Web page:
Oh Boo Fucking Hoo

I just read a “review” of GNOBSD over at a certain website. It was less a review than a timeline of the guy creating a live Gnome-based live DVD using OpenBSD 4.6 and how some in the OpenBSD community reacted when he advertised it in their mailing lists. He withdrew his ISO due to server traffic and less than positive feedback from the community.

He’s not the first to fork from or base something on OpenBSD. He won’t be the last. He’s also not the first person to receive a rebuke of some form from those in the OpenBSD development (and user) community.

I looked through the thread. I didn’t think any of the comments in the thread were incendiary. Some had smilies. Some directed the poster to another thread from last year about a similar issue. I’ve seen much harsher treatment where it’s more deserving. This was all fair and even-handed.

I also think the reaction of the OpenBSD development community might have been a bit different if this GNOBSD guy had first become involved within their community rather than working outside their ecosystem and then advertising a derivative out of the blue in their email lists. Dittos for the guy in the other thread for his “remix” last year. For starters, it would’ve given him an understanding of the community his work is potentially disrupting.

Yes, disrupting. I don’t buy the argument that separate, forked projects like this are of benefit to the upstream project. OpenBSD development is funded by sale of their release CD sets. People downloading an ISO are unlikely to go to the upstream project and support it (just like all the software, music, and movie pirates have a disincentive to go buy more software, music, and movies despite all the fucktards who think they’re acting in the interest of artists when they take it upon themselves to violate copyrights); unfortunately, they are likely to go to the upstream project and ask inane rudimentary questions the developer teams have already answered in their documentation — from their own guides to their man pages. Dumbing the process down brings in dummies. That’s not beneficial to their project.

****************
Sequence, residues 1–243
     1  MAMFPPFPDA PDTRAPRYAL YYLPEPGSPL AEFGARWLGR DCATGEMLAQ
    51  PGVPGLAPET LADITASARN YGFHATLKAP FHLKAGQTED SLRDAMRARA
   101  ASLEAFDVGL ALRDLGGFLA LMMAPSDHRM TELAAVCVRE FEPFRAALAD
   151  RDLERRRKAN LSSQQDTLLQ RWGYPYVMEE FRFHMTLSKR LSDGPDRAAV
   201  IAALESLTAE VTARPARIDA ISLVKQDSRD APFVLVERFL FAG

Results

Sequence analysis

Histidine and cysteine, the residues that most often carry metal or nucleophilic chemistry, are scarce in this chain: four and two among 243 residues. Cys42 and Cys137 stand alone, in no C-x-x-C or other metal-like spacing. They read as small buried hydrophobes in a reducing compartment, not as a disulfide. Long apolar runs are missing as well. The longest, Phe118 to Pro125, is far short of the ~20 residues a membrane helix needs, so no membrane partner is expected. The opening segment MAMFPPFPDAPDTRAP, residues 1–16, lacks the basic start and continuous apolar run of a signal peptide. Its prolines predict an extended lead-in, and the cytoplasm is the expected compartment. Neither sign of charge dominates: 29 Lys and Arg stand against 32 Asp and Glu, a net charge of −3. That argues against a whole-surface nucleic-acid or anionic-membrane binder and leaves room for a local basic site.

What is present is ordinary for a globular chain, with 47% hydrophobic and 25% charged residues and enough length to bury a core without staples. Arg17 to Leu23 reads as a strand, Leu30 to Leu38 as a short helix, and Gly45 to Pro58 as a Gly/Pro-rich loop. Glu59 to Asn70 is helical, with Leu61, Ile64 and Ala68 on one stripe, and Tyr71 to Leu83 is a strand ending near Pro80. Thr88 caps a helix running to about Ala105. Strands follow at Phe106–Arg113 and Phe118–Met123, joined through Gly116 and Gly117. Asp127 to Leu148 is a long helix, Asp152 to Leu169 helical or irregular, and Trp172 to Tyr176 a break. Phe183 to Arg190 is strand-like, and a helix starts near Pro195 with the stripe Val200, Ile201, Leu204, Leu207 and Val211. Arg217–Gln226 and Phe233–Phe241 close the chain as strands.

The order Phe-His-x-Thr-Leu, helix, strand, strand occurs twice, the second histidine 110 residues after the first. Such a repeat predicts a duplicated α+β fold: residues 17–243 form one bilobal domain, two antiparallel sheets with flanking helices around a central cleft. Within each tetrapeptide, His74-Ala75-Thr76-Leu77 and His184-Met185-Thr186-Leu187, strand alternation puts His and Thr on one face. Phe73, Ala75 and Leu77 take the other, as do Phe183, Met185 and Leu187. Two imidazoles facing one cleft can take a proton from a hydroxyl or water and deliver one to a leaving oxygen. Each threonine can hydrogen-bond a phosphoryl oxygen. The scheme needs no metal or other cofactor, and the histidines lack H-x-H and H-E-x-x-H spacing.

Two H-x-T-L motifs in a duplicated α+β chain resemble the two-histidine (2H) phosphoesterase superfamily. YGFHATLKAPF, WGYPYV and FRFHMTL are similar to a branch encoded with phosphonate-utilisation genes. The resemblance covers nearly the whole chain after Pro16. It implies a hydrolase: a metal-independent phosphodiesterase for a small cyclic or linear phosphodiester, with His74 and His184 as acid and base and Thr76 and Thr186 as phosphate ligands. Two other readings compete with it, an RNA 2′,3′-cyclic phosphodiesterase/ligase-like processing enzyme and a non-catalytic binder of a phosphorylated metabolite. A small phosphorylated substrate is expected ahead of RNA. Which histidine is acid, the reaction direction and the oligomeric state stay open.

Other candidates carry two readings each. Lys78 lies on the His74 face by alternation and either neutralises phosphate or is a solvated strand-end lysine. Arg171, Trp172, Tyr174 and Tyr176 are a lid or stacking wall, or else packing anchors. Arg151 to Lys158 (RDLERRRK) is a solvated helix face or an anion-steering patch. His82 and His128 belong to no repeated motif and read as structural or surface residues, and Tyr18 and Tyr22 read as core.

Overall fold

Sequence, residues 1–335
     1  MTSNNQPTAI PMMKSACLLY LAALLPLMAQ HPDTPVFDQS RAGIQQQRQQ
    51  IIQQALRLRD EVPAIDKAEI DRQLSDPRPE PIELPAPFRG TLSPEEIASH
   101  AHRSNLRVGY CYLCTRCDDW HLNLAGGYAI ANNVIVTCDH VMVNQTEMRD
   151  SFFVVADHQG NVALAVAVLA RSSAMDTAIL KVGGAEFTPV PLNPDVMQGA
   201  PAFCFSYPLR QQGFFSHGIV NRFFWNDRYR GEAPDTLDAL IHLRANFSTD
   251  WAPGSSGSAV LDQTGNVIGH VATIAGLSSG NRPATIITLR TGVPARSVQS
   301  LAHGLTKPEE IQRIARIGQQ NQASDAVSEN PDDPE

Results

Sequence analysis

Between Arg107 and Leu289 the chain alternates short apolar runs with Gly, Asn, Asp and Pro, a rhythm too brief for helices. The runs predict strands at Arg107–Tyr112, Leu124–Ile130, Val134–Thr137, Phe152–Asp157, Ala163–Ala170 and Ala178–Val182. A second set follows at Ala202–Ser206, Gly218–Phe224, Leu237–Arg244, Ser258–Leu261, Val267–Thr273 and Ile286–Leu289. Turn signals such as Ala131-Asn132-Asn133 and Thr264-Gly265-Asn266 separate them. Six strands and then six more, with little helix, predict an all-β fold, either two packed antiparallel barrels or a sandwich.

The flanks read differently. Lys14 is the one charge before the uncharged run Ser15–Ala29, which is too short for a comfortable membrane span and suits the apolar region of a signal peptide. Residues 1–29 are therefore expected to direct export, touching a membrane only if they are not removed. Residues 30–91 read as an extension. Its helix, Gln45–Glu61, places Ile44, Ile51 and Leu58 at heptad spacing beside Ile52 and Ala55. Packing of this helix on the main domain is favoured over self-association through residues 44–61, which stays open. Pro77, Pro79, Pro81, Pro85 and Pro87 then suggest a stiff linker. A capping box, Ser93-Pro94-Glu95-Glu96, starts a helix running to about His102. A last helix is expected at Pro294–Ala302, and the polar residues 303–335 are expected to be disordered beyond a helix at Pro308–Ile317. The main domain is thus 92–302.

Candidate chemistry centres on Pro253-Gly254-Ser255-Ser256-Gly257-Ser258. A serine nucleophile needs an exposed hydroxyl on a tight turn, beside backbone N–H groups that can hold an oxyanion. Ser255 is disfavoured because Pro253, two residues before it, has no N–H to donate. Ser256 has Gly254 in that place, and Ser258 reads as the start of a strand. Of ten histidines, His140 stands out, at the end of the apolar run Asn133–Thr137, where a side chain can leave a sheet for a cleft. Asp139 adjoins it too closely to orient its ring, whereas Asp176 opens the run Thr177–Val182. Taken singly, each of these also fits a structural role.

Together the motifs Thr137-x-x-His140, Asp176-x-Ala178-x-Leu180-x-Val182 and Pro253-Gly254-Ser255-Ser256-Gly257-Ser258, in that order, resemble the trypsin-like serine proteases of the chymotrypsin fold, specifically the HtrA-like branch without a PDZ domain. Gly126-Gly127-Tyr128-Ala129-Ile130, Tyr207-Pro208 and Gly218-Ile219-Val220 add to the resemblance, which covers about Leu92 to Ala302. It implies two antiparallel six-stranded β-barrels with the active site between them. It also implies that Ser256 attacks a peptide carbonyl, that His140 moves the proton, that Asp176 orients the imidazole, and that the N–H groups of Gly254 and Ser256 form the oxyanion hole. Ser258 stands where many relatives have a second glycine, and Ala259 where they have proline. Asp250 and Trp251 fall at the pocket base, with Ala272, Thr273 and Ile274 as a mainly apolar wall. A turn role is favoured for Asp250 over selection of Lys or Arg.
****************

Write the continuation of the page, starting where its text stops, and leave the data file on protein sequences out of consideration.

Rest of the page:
(Yes, dummies. What’s the fucking purpose of installing something like OpenBSD with a graphical desktop preconfigured if you can do that already with Linux or something else? If you’re unwilling to understand what you’re doing and unwilling to configure it to work exactly the way you want, then you’re looking at the wrong operating system. Stick to your Ubuntu, stick to something that you don’t have to or want to comprehend. Gnome and KDE aren’t Linux or BSD, they’re Gnome and KDE. Most apps can be compiled to run in Windows, so your “friends and family” don’t even have to switch operating systems to see, try, or use them.)

So this is a lose-lose proposition for OpenBSD developers. If they wanted to expand their market share, they already know what they could do — and they’re not doing it. OpenBSD developers are talented enough to assemble such a project if they wanted to. The fact that they haven’t should demonstrate that they’re really not interested in a market-share or dick-measuring contest with other BSDs or with Linux. Accept it.

And to the whiners and bitchers (10, 19, 22, etc.) over at Distrowatch who say they’ll either stop using OpenBSD or never try it over this episode, good riddance. You’re probably not the kind of users Theo&Co would want anyway. Grow a pair.

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